This dynamo Waveland resident is committed to the physical, mental and spiritual health of his community.
Laronne explained that his grandmother, Jewel Washington, raised him up to continue her benevolent work. Larrone described his grandmother as “an amazingly strong woman – a civil rights activist despite serious disabilities and mobility challenges.” Jewel looked out for her neighbors and helped wherever it was needed. No one was ever turned away from her door hungry or in need. Laronne learned about engaging in the community from her.
His grandmother also taught Laronne to value his heritage. She gave him history lessons regularly after school so he would understand his roots, which included early participants in Congo Square in New Orleans and members of the Choctaw tribe.
As Larrone approached his teen years, he moved in with his father in Waveland and attended middle and high school on the coast, graduating from Bay High. Mississippi Gulf Coast Community College in Perkinston was the next step for the motivated young man, and he studied industrial science, which led to a career in welding. Today, he continues industrial work as a maintenance technician for the HUD Section 8 Housing locally.
Unfortunately, grandmother Jewel died in 1991 and didn’t get to witness his many achievements since. That hasn’t prevented him from carrying on her work. As a member of the Mississippi Rising Coalition, Laronne continues his grandmother’s calling to feed and care for the community. In fact, distribution of donated produce to Hancock County families is dear to his heart.
The Waveland resident’s civic-minded commitment also led him to run for alderman in the city’s Ward 2 in 2018. Over the years, he’d been groomed and encouraged to run for public office by the likes of Louisiana Governor John Bel Edwards, Alabama Senator Doug Jones and Mississippi State Representative David Baria. While the 2018 election didn’t go in his favor, that hasn’t dampened Larrone’s motivation to enrich his community.
Laurianne Manchester, who works with Laronne on Mississippi Rising, does not hesitate to sing his praises. “It’s an honor to work alongside Laronne for progressive change in Mississippi,” she said. “He brings his whole heart, talent and passion for people to the work. He also understands that in order for all of Mississippi to thrive, we have to build relationships and power to the people the political establishment ignores.”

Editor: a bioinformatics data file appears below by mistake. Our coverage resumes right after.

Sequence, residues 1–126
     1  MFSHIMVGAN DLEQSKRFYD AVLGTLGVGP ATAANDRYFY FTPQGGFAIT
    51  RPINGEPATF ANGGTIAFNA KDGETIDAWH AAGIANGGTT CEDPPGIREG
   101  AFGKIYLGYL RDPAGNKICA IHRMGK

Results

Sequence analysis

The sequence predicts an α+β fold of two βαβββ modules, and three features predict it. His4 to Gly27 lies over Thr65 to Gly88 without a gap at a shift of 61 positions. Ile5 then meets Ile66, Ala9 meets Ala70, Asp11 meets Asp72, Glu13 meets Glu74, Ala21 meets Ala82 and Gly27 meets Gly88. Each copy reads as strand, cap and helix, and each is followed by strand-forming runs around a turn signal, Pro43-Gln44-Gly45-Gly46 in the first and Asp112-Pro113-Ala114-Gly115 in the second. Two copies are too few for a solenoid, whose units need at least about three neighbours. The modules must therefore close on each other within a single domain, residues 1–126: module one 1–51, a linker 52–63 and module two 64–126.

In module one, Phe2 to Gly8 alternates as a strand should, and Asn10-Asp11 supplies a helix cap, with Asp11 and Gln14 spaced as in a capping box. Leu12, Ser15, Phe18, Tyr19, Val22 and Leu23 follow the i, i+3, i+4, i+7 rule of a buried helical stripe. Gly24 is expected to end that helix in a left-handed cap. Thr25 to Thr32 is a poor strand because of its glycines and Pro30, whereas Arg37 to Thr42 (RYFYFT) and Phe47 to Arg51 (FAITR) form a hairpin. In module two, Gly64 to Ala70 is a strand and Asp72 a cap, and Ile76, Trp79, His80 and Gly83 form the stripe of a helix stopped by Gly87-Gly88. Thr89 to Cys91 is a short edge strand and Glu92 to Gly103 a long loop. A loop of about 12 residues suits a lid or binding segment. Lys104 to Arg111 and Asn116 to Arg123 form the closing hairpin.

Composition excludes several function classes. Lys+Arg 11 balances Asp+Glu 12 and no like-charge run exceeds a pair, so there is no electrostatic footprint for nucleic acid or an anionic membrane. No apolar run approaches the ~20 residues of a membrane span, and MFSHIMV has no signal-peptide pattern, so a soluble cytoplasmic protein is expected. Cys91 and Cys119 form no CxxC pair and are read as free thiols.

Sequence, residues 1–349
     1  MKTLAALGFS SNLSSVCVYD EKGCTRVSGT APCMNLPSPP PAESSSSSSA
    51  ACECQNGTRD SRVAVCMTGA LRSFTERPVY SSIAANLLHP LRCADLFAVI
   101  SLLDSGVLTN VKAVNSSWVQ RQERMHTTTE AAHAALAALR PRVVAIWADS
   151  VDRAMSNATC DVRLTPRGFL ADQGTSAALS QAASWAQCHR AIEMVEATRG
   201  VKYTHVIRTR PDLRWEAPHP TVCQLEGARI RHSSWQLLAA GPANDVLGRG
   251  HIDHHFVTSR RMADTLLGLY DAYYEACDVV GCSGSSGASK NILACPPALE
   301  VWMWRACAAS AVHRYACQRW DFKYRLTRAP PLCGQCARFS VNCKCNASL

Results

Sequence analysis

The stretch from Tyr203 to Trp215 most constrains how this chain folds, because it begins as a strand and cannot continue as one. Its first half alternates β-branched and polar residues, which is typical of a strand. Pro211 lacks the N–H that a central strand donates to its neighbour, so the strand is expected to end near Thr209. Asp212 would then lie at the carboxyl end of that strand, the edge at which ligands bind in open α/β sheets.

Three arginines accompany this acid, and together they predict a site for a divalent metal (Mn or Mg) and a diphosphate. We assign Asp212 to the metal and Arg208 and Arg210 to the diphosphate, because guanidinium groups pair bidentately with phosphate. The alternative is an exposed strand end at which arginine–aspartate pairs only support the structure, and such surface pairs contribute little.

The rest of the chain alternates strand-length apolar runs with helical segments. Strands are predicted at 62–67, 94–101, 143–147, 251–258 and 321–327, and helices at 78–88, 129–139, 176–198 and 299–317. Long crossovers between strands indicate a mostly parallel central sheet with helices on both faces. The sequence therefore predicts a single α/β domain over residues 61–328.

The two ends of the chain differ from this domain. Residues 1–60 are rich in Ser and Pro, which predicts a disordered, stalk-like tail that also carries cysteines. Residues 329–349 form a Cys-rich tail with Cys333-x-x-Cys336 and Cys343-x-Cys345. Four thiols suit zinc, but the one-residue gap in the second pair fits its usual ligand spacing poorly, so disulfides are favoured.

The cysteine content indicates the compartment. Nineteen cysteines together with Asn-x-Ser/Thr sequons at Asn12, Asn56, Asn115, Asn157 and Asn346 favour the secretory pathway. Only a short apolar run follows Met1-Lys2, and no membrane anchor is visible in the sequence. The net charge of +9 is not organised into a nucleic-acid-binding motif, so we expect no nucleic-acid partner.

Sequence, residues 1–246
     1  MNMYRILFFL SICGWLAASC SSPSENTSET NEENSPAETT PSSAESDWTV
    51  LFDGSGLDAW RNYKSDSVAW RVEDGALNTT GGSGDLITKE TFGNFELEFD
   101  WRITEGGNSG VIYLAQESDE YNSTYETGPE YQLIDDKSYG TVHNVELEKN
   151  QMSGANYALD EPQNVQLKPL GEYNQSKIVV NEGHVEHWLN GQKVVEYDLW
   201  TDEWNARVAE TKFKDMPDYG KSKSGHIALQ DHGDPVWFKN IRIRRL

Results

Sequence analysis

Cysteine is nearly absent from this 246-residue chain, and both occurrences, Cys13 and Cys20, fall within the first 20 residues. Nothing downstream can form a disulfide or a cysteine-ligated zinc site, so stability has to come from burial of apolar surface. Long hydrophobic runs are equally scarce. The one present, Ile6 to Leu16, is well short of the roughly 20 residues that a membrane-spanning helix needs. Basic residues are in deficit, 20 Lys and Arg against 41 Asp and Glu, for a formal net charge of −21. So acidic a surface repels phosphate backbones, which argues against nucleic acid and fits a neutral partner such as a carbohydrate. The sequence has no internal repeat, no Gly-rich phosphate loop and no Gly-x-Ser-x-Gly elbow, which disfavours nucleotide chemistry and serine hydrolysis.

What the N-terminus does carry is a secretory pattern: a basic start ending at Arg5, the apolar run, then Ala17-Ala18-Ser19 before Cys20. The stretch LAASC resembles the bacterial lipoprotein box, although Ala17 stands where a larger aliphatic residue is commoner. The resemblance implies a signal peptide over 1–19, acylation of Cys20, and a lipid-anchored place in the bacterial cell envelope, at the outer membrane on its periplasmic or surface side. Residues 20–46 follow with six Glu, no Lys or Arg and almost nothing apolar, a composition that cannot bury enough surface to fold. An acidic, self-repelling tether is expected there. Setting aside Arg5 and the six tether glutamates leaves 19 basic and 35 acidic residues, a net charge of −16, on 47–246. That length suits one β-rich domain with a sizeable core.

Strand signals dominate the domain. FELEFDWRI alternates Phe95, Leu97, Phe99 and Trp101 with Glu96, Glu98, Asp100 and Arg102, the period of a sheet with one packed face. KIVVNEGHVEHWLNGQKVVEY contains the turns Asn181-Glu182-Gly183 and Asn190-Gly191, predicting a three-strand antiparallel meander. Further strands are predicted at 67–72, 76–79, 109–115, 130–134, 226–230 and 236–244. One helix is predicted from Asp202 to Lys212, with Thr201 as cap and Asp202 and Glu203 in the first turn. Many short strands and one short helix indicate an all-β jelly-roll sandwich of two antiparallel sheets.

In 2004, Laronne began his own business, Temple Building. The focus of Temple Building is the impact of nutrition on overall health – which circles back to his community work. Viewing the body as a temple, Laronne is committed to helping youth find ways to honor and care for their own temples as alternatives to destructive behavior. Teaching healthy nutrition also means providing the resources needed to maintain it.
In recent years, Larrone joined Bay Strength and Fitness (formerly Rah’s Gym) with owners Raoul Bought, Zach Carver and Zach's mother, Jackie Carver, to help round out the wide range of services they provide. As Zach explained, the gym is not a fitness center or spa; it is a place to work on oneself.
Created out of a warehouse on St. John Street in Bay St. Louis, this affordable gym is open 24 hours a day to provide opportunities for all to engage in exercise. In addition to an abundance of exercise equipment, Bay Strength and Fitness offers karate, Pilates, aerobics and yoga classes. Families and individuals hold memberships, and members range in age from four years old to 80. Laronne, of course, is a gym fixture.
Laronne is also the single father of three sons ages 27, 23 and 19. He says he values being a strong, positive role model for his sons. Just as his grandmother did before him, he teaches them to actively engage in building their community.
Lea Campbell from the Coalition said, “I’ve never seen someone care so much about young people. He acts as a mentor for many and really helps them get– and stay – on the right path.”
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